A plea for less interesting times | News and current affairs from Germany and around the world | DW | 31.05.2012
  1. Inhalt
  2. Navigation
  3. Weitere Inhalte
  4. Metanavigation
  5. Suche
  6. Choose from 30 Languages


A plea for less interesting times

In a guest piece for DW, Jared Bernstein, former chief economist to Vice President Joe Biden, details not just the problems, but the solutions to the economic crisis. He also explains why they aren't implemented.

Jared Bernstein, Vice President Joe Biden's Economic Policy Adviser, speaks during the daily briefing, Monday, June 8, 2009, at the White House in Washington.

Jared Bernstein, former chief economist to Vice President Joe Biden

Jared Bernstein served as chief economist and economic advisor to Vice President Joe Biden from 2007 to 2009. He was also the executive director of the White House Task Force on the Middle Class, and a member of President Barack Obama's economic team. Currently, Bernstein is a senior fellow at the Center on Budget and Policy Priorities in Washington.

"May you live in interesting times" is allegedly an old curse. Unfortunately, when it comes to economic policy in both the US and Europe, our times are far too interesting.

The core of the problem has been reduced to growth vs. austerity but what societies and their governments actually face is more complicated than that. Here's a brief summary of the main conflicts facing economic policy today:

1. A monetary union that lacks fiscal rules is inherently unstable, especially when a) the countries of the union start from different points of economic development, and b) in the run-up to the bust, surplus countries in the union, like Germany, are willing to support the spending sprees of debtor countries, like Greece;

2. Citizens of the surplus countries reasonably chafe at bailing out those of highly indebted countries;

3. Citizens of indebted countries reasonably chafe at austerity measures imposed on them by surplus countries;

4. Austerity measures at a time like this are more likely to deepen government debt levels than to reduce them;

5. The people of Europe - though curiously, not America - appear to be recognizing the damage done by austerity measures and this is starting to play out in the national and local politics.

Put these all together and you get a feel for the three-dimensional chess game this has become.

The solutions, on the other hand, are generally known:

1. There must be a bailout fund with enough fire power to ensure solvency.

2. Creditors holding the shakiest debt will have to continue to write down at least part of the loans.

3. Countries with high unemployment must engage in Keynesian measures to bring their jobless rates down and start generating tax revenue (and given their high borrowing costs, that will take loans - eurobonds? - from other countries).

4. Greece must reform its tax system to be able to actually collect some of that revenue; if Greece cannot get the help it needs - and that is contingent on the Greek people and their government accepting the terms of that help - they need to tear off the band aid and leave the eurozone. That may be a harsh judgment, and no one can claim to know what happens next, but the current situation there is becoming unsustainable.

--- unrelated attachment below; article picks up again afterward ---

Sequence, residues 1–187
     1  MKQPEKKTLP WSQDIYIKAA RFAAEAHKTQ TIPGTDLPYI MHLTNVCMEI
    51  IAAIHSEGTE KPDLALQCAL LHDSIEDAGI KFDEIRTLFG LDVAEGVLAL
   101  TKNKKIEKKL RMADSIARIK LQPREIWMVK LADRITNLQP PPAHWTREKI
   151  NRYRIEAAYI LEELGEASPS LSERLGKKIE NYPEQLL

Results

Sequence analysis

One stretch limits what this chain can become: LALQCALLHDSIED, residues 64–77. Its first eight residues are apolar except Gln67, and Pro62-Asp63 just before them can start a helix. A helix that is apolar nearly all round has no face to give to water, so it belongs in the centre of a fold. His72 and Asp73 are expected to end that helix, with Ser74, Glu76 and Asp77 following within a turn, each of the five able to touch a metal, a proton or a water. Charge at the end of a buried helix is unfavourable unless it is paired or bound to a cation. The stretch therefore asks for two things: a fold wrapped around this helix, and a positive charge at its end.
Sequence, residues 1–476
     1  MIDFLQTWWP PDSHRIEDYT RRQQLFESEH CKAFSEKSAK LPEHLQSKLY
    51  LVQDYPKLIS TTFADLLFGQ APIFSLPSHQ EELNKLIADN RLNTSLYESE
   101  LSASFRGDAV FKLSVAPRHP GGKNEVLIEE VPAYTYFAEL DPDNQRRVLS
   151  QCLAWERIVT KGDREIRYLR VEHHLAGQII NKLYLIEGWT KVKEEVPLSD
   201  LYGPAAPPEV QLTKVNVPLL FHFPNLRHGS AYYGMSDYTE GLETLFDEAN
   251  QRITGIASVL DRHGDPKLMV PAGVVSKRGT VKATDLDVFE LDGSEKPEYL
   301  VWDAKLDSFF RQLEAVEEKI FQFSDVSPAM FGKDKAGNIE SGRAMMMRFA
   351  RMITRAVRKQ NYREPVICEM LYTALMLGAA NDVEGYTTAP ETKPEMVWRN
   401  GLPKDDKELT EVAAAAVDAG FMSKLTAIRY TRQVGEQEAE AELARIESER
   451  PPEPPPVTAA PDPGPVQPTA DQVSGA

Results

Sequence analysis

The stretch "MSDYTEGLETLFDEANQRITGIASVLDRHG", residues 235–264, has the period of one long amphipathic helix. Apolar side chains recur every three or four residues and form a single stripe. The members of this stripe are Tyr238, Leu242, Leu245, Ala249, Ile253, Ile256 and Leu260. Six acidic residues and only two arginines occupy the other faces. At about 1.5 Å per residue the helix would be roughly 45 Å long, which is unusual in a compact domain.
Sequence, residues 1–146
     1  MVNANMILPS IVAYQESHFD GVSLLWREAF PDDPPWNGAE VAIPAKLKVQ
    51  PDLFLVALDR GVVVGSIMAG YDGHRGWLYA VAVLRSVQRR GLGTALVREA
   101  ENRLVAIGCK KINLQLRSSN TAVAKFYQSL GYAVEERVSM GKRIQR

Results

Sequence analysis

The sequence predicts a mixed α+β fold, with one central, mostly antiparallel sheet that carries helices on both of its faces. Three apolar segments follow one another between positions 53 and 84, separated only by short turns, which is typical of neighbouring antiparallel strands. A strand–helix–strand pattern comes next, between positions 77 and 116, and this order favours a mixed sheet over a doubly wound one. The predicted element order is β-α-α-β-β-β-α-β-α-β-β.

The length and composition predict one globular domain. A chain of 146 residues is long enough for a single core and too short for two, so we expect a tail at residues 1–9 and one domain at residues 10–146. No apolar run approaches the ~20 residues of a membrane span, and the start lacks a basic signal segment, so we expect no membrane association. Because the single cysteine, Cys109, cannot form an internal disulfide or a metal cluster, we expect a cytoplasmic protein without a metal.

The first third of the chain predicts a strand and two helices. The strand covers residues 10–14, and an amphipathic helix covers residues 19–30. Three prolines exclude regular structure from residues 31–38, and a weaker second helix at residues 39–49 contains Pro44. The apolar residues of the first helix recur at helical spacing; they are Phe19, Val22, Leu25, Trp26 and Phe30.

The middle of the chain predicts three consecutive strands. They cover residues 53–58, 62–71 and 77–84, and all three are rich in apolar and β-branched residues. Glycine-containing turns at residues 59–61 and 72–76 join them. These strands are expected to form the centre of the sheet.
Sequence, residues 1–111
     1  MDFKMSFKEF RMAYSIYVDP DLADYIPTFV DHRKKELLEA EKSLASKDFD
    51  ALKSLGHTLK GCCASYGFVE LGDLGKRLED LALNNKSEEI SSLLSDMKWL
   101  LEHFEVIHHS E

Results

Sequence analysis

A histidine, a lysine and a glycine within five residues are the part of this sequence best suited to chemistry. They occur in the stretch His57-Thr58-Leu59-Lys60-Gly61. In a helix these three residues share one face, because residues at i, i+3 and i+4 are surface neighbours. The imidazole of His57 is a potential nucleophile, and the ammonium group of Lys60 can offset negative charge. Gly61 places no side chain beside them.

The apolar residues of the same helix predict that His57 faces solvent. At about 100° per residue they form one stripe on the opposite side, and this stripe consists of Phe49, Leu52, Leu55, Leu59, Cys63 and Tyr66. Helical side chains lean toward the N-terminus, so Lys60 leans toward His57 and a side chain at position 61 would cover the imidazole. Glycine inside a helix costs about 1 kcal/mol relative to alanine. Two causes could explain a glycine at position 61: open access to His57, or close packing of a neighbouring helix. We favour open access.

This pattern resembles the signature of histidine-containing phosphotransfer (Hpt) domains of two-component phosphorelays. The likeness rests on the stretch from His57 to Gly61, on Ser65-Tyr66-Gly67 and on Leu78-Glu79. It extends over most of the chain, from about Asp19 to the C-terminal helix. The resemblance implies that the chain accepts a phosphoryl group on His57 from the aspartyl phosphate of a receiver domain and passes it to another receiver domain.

Politics is the problem in Europe

It is politics, of course that stands between this solution set and its implementation, and here, as noted above, interesting changes are occurring, at least in Europe.

With the election of Francois Hollande as the new president of France and its resultant momentum, German Chancellor Angela Merkel, the standard bearer for austerity, is increasingly isolated. She remains popular, however, and is, above all else a highly resourceful politician and a political survivor.

I suspect the solution set listed above is well known and understood by her but is pre-empted by the politics of bailouts. As a highly placed German economist said to me recently, "We know what we have to do. We just don't want anyone to see us doing it."

Good luck with that.

Wrong focus in the US

And finally, as noted earlier, when it comes to austerity, American politics hasn't caught up to Europe's. Outside of a few economists, not only are there few calls here for growth measures, there's little recognition of the ongoing austerity, which is widely thought to be a European, not an American problem.

To the contrary, a recent dustup occurred here when a journalist, using publically available budget numbers, posted a short piece showing that government outlays under President Barack Obama have risen at the slowest pace in decades.

This simple and true point - backed up by evidence recently on my blog - sent conservatives into hissy fits. After all, it challenges their talking point that runaway government spending is America's biggest problem. And that talking point has been so pervasively accepted that few recognize the austerity we're imposing on our own weak recovery.

Like I said: We live in interesting times. But I suspect you, like me, long for some boredom.

Editor: Michael Knigge/Rob Mudge

DW recommends

WWW links